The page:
Speaking of aerospace companies, Boeing is also facing some shareholder troubles this week. Richard Seeks, a Boeing shareholder, is suing the company for allegedly hiding problems with its 737 Max jet in order to increase its share price. Seeks claims that rather than speaking optimistically about future sales and upholding the safety of the 737 Max, Boeing should have disclosed to investors the safety problems with its bestselling plane. Furthermore, Seeks argues that Boeing did not inform investors that the safety features on its Max jets were optional and also hid the fact that the authority to carry out safety checks on the planes had been delegated to the company by the US Federal Aviation Administration. The lawsuit alleges that by hiding this information, investors bought Boeing shares at artificially inflated prices. Seeks has also named Boeing’s CEO and CFO as defendants in the lawsuit, and is seeking class action status for all shareholders who bought Boeing stock between January 8 and March 21.
Lastly, lets talk about IPOs. First there was Levi’s, then Lyft, and now Uber is ready to make its public market debut. On Thursday, the ride-hailing company filed the paperwork to go public. It looks like it may be one of the biggest public offerings ever for a technology company, with Uber selling up to US$10-billion worth of stock. The IPO filing revealed a lot about Uber’s financial health as well. While its revenue was up 42% in 2018, the company still lost US$1.8-billion and its revenue growth is slowing, raising the question of whether Uber will ever turn a profit. This is similar to what we saw when Lyft filed its prospectus back in March, though Uber’s net loss is substantially larger. However, unlike Lyft, Uber will be going public with a one share, one vote capital structure. This is a marked difference from other technology companies such as Lyft, Snap, Facebook, and Alphabet, which all use a dual-class share structure. Uber made a big deal of its one share, one vote policy in the corporate governance section of its prospectus, potentially using this as way of differentiating itself from Lyft. Uber is expected to start its investor roadshow later in April, putting it on track to start trading in early May.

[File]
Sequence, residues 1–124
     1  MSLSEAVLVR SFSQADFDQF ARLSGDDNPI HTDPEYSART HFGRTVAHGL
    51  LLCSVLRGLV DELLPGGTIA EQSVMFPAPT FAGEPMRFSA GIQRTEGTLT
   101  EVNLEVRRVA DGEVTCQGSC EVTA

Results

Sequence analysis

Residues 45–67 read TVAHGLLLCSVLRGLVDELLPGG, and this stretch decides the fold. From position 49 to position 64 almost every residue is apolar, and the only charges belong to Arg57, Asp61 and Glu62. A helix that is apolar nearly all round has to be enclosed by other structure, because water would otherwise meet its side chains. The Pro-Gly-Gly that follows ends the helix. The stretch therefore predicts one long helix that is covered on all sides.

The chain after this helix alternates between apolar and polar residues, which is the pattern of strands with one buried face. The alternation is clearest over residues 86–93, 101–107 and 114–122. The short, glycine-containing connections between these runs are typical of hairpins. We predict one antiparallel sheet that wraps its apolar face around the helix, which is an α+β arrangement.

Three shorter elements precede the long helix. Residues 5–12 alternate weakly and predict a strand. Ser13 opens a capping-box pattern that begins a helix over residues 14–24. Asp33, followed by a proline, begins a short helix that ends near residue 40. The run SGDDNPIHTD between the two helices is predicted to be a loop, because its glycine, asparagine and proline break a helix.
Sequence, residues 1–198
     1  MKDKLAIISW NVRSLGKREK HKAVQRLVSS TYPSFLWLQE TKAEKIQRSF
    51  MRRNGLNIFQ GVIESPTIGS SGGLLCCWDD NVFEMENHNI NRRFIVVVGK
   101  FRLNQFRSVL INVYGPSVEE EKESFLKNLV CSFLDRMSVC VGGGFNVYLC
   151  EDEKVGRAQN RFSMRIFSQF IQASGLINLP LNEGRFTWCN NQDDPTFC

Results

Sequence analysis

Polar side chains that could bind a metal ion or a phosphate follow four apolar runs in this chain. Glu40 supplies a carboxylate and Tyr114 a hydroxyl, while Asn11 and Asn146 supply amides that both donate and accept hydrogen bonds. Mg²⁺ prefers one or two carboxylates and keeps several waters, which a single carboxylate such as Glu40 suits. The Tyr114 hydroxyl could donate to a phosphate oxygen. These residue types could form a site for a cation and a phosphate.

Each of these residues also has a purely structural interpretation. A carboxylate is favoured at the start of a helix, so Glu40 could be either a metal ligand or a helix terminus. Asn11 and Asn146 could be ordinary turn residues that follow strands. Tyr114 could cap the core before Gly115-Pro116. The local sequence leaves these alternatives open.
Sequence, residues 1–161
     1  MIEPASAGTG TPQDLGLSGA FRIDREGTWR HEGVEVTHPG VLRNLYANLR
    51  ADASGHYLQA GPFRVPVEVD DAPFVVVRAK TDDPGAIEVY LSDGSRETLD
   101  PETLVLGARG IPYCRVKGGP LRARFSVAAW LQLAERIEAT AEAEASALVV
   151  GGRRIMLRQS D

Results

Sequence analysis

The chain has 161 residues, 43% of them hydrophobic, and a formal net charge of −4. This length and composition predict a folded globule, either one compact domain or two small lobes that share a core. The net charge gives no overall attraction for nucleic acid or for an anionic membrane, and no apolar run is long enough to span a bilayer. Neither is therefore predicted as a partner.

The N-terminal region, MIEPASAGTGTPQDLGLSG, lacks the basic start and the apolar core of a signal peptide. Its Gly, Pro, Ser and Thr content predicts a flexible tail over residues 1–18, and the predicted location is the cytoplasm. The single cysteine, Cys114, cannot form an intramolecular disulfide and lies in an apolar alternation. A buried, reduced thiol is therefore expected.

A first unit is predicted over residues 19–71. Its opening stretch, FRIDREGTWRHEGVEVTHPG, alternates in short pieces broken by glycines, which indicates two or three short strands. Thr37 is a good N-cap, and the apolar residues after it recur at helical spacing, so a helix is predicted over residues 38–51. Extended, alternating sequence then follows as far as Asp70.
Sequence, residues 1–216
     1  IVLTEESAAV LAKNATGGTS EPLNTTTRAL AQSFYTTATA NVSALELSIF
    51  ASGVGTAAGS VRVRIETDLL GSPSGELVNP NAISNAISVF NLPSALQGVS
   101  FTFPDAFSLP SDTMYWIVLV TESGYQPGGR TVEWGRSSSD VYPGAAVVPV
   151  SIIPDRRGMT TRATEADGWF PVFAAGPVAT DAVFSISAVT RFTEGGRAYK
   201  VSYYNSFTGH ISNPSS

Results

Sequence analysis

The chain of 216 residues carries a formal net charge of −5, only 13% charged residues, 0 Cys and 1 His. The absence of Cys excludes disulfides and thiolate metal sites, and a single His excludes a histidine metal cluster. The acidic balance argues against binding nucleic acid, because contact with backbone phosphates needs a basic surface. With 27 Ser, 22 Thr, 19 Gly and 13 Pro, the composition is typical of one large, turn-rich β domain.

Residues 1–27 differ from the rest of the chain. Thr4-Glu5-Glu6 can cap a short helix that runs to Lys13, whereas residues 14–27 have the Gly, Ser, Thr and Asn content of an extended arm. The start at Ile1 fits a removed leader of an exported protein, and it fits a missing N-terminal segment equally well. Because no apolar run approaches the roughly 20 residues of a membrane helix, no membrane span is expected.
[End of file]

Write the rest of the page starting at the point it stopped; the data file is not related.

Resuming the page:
That wraps up our stories for this week! Thanks for getting caught up with us and be sure to come back to the CBLB next Friday for another round-up of the top corporate and securities law news.